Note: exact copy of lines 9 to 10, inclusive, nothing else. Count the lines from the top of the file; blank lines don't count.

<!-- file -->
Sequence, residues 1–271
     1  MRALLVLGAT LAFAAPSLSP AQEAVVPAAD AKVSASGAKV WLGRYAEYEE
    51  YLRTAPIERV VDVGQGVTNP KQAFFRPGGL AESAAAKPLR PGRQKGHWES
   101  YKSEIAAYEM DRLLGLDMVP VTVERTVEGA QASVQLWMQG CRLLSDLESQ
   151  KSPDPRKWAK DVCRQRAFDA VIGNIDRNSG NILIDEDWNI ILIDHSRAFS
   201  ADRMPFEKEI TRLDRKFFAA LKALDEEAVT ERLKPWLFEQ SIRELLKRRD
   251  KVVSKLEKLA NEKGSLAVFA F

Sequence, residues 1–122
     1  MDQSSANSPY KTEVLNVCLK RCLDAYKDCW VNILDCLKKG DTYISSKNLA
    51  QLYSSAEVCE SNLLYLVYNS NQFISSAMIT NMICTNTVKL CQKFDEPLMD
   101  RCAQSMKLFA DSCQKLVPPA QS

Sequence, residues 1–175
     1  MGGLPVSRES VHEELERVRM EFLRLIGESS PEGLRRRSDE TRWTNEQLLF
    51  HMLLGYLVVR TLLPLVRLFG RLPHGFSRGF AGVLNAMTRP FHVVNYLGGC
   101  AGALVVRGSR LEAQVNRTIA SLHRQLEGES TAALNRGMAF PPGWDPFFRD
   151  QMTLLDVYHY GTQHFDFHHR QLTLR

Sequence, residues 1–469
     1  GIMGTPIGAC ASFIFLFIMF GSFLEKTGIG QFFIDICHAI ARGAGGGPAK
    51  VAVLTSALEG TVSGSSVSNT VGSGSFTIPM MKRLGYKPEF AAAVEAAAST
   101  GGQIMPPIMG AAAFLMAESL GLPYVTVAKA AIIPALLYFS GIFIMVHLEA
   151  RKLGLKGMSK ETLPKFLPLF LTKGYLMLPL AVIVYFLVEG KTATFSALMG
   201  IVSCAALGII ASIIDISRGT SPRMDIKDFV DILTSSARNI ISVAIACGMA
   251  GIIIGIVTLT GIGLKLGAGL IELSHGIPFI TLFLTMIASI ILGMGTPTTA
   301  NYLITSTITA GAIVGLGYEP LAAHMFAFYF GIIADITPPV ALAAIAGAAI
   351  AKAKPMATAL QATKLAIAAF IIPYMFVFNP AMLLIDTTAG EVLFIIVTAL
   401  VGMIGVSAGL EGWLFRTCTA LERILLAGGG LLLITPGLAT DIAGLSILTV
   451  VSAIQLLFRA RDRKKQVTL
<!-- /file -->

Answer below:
     1  MDQSSANSPY KTEVLNVCLK RCLDAYKDCW VNILDCLKKG DTYISSKNLA
    51  QLYSSAEVCE SNLLYLVYNS NQFISSAMIT NMICTNTVKL CQKFDEPLMD